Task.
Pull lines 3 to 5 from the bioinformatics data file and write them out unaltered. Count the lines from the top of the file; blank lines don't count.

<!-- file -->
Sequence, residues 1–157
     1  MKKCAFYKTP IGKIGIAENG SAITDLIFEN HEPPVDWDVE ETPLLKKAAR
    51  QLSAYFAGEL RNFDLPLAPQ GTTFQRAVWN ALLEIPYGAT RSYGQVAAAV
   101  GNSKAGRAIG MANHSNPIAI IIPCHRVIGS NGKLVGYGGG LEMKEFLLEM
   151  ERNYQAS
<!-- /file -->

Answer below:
    51  QLSAYFAGEL RNFDLPLAPQ GTTFQRAVWN ALLEIPYGAT RSYGQVAAAV
   101  GNSKAGRAIG MANHSNPIAI IIPCHRVIGS NGKLVGYGGG LEMKEFLLEM
   151  ERNYQAS